As described in the Greenpeace film, What Are We Waiting For? the sustainable renewables-based electricity system which we will have to convert to will almost certainly be based on decentralised generation. Logically, local government should have a significant role in this, as it already does in many countries.
In order to facilitate the move to decentralised generation, the
electricity grid will have to work differently. If you generate
electricity from solar panels or a small wind turbine, you will at
times generate more than you can use. You should be able to sell it
into the grid, running your meter backwards. Unfortunately, you can’t
do that in Ireland at the moment. Below is my submission to the CER in
response to their recent consultation on micro-generation
From: David Healy / Daithí Ó hÉalaithe [mailto:firstname.lastname@example.org]
Sent: 10 November 2006 15:26
To: ‘email@example.com’; ‘firstname.lastname@example.org’
Subject: Comments on Micro-generation consultation
Paul, a chara,
I am writing as Chair of the Energy Action Team of Fingal County Council (and also as Chair of the Environment Strategic Policy Committee in Fingal County Council).
I have just heard of this consultation and therefore have not had an opportunity to put this before the full Development Board or SPC. Therefore the views expressed below are my own, although I’m not aware of any contrary views in either organisation.
Fingal Development Board has set up an Energy Action team which is looking at the area both within the County Council and within the County as a whole.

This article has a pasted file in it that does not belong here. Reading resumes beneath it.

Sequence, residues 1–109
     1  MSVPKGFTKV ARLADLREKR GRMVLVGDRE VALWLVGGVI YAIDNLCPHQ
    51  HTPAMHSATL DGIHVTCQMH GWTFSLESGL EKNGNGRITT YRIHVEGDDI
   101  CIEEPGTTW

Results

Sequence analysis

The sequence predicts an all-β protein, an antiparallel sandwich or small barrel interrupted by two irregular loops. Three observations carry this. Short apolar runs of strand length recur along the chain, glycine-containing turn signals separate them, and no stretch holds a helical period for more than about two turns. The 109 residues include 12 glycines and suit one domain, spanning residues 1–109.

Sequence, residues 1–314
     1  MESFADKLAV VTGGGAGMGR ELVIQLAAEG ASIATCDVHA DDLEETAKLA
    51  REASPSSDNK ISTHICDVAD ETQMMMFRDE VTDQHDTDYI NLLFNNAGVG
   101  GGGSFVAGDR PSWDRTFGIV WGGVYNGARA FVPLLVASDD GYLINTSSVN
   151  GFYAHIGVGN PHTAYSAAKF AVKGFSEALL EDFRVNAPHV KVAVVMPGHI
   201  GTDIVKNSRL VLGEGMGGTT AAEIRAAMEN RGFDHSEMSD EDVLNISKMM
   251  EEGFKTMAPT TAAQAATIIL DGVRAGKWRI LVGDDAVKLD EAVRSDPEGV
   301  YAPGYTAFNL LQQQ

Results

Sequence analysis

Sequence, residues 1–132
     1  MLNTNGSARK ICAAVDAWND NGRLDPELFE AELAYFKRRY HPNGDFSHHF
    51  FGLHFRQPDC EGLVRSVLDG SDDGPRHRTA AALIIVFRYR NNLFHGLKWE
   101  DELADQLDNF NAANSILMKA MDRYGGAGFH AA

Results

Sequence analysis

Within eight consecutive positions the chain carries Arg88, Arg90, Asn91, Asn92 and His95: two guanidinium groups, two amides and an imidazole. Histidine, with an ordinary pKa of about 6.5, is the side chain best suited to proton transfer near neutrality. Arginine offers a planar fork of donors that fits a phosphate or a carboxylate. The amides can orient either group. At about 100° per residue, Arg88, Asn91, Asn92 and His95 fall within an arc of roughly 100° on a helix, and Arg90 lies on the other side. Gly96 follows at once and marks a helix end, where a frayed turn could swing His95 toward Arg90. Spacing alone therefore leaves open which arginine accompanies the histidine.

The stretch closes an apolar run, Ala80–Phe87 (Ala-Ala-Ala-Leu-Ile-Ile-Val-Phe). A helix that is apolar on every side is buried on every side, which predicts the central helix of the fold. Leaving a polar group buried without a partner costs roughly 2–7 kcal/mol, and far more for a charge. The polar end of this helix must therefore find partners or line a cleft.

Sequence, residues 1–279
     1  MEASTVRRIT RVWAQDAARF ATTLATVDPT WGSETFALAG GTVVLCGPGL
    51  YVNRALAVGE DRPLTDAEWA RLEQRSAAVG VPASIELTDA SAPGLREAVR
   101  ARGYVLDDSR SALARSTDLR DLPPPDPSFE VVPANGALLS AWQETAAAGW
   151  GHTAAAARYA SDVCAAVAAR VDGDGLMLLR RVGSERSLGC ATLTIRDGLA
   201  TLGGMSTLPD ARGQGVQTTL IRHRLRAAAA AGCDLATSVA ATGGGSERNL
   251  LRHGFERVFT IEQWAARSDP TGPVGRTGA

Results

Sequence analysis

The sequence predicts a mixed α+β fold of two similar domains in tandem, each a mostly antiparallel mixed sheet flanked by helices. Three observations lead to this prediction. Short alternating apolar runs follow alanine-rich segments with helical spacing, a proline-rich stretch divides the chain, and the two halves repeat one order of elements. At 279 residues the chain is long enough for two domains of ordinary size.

Micro-generation is capable of playing, and, with the right regulatory conditions, likely to play a significant role in meeting Fingal’s energy needs. In the interests of sustainable development and in particular reduction in greenhouse gas emissions and energy security, we hope to encourage micro-generation. The appropriate incentives and institutional frameworks in the energy sector are essential.
The consultation document unfortunately, proposes an instutional framework would would act as a disincentive to micro-generation. I feel that this is directly contrary to the stated intention of reducing greenhouse gas emissions and increasing energy security. Net metering should be the minimum offer to micro-generation.
Is mise, le meas,
Councillor David Healy
Green Party/Comhaontas Glas
Howth ward / Dublin North East
54, Páirc Éabhóra, Beann Éadair
54, Evora Park, Howth